A Bradford economist has warned against hopes of an early sustained recovery following the official end of the recession.

Dr Damian Ward, of the Bradford University School of Management, said the outlook for the next quarter was precarious and the UK economy remained in dire straits.

Minimal growth over the past quarter should be seen against a six per cent drop in GDP overall, he said.

“The 0.1 per cent growth means that, for every £100 of economic activity, we only added 10p during that period.”

Growth had been achieved largely through higher retail sales boosted by lower VAT. Dr Ward doubted this would be sustained now the tax had returned to its former level of 17.5 per cent.

On the other hand, there were encouraging signs from manufacturers who had suffered from customers running down stocks but were now seeing business picking up as that process ended.

Dr Ward said: “Smaller businesses have now reached a point where they must rebuild stock but cannot get bank funding to do this.

“6The Government must get banks lending to small businesses again and at the right price.”

He said exporters should focus on growth markets such as China, India and South East Asia, rather than the recession-hit United States and Europe.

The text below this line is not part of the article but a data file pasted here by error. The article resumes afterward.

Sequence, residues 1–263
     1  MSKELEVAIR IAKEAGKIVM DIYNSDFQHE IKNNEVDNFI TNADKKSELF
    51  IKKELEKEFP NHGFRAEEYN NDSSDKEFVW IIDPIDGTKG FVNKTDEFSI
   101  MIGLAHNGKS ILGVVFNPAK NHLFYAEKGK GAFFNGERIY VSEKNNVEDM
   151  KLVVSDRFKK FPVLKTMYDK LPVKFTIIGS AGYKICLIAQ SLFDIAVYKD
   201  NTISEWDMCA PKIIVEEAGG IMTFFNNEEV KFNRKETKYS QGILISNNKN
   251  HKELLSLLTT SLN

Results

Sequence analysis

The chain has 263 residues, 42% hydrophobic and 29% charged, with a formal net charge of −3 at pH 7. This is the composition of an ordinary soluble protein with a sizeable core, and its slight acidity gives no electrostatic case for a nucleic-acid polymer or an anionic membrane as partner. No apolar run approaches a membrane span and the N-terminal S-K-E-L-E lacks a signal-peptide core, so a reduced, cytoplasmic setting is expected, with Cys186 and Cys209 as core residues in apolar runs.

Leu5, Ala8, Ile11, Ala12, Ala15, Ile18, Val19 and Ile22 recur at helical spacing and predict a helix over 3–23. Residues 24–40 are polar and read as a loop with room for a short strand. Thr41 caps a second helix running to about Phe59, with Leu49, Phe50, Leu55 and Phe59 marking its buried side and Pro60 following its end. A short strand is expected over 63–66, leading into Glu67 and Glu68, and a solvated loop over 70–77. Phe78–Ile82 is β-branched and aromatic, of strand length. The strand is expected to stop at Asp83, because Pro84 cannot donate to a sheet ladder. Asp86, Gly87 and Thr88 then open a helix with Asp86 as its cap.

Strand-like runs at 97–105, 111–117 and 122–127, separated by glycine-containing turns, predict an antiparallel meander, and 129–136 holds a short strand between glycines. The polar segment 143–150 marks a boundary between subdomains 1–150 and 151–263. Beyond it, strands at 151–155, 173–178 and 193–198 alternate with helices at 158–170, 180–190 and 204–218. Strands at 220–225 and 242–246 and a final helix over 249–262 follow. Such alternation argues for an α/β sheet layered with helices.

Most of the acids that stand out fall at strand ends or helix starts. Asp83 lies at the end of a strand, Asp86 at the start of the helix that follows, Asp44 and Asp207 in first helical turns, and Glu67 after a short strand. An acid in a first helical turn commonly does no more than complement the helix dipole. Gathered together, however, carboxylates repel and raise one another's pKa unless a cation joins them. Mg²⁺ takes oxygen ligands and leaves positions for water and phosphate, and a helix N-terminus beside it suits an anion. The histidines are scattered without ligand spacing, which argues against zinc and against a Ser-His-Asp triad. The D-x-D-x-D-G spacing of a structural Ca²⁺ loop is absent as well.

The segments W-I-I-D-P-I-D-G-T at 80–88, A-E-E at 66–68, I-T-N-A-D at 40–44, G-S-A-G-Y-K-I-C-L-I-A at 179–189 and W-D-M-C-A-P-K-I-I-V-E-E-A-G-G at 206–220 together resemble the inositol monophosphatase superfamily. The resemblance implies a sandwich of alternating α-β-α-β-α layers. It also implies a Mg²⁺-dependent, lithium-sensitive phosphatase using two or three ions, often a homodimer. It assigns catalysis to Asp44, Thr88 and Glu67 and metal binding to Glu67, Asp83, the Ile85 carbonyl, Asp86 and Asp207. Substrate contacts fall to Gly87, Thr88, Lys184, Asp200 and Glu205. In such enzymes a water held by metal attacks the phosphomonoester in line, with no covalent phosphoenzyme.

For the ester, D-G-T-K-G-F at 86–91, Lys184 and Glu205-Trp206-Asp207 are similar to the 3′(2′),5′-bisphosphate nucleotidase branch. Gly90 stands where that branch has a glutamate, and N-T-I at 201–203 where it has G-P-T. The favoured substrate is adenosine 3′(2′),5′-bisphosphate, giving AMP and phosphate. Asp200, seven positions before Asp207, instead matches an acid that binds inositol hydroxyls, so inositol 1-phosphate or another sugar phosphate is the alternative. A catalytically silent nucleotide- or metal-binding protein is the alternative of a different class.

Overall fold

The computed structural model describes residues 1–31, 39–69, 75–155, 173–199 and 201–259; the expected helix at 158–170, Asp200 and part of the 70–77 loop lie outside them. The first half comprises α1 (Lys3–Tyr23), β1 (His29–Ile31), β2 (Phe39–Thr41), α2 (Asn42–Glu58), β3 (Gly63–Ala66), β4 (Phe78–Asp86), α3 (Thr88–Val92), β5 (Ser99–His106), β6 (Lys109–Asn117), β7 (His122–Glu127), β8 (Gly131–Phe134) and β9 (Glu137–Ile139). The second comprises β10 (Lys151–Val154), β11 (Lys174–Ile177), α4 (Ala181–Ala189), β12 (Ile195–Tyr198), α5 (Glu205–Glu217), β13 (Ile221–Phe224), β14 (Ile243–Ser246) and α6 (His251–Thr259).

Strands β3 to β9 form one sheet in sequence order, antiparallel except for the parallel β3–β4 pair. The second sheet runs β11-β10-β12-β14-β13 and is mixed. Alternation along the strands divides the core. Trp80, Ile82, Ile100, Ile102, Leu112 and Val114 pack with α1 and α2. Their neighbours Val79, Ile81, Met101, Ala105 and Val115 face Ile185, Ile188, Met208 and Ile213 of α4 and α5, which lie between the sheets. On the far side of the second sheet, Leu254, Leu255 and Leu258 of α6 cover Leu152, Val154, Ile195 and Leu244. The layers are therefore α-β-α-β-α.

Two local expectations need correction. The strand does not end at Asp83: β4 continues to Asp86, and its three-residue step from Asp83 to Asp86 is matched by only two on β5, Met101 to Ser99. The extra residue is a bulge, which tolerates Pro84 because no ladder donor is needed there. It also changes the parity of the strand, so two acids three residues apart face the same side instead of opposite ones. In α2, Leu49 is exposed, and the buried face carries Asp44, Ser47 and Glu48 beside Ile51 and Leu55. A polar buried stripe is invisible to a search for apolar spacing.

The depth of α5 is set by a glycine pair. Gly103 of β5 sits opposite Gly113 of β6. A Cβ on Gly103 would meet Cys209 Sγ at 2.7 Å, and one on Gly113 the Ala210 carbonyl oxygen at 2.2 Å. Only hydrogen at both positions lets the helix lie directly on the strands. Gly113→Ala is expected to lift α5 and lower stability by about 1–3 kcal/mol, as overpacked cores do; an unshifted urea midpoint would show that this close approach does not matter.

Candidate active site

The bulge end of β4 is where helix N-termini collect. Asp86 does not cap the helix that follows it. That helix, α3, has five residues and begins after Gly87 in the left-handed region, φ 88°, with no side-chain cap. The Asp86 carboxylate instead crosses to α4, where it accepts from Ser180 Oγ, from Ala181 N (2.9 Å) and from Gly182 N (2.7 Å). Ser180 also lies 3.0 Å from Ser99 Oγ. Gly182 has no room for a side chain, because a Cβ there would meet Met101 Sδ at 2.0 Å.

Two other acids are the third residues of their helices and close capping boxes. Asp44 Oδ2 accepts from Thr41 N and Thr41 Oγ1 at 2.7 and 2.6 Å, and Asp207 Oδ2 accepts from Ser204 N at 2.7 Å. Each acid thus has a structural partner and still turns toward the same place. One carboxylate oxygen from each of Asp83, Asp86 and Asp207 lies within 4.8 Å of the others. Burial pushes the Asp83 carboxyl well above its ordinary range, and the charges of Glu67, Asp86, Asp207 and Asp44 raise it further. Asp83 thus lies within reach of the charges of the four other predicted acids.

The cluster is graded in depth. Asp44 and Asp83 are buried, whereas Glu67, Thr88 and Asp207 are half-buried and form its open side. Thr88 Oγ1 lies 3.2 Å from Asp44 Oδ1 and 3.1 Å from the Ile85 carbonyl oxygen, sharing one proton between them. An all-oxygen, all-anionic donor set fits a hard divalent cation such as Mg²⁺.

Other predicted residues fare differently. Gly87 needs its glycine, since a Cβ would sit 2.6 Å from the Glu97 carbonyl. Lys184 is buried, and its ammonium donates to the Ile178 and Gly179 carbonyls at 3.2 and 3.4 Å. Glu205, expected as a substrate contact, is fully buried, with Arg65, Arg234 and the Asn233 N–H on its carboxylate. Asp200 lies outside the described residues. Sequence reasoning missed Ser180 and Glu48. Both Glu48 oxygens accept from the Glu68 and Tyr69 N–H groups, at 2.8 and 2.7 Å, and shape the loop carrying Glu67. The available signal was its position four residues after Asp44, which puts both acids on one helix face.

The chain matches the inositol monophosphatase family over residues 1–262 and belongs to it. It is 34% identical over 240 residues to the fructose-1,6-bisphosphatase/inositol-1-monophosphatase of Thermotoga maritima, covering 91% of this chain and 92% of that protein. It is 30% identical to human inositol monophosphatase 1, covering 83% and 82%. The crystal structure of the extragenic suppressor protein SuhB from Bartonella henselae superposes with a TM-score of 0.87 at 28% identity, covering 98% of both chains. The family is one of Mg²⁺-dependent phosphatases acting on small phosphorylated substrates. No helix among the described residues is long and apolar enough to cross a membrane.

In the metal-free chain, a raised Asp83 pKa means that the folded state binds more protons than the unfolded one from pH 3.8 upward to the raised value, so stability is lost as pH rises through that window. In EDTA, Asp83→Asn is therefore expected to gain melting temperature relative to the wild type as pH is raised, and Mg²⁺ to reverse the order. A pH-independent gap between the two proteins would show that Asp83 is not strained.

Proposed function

Although unemployment had remained lower than feared, the UK was suffering from ‘under employment’, with more part-time working and pay freezes.

The Construction Skills Network said growth would be slow until 2014 after a 13 per cent slump in activity last year. It forecast no consistent recovery for construction until 2011, when it is expected to grow by an average of 1.6 per cent a year in Yorkshire.

Bradford accountant Adrian Allen warned many businesses would struggle to survive in 2010. Mr Allen, a partner at Baker Tilly Restructuring and Recovery in Saltaire, said: “While economists may be rubbing their hands in glee at the upsurge in the health of UK PLC, the stark fact is many businesses will fight to survive during 2010.”

Bradford Council leader Coun Kris Hopkins warned the deepening debt crisis, with the Government borrowing £6,000 a second, put recovery at risk.

He said: “The Government currently borrows more in five seconds than the average British person earns in a year and this is simply not sustainable.

“This year, the UK is expected to borrow almost 14 per cent of our GDP. The Government is spending more paying off interest on our national debt than on almost anything else.

“We also have the biggest budget deficit of any large economy and, last month, we had the worst public borrowing figures for any December on record. This debt must be tackled swiftly and determinedly before it gets even more out of control.”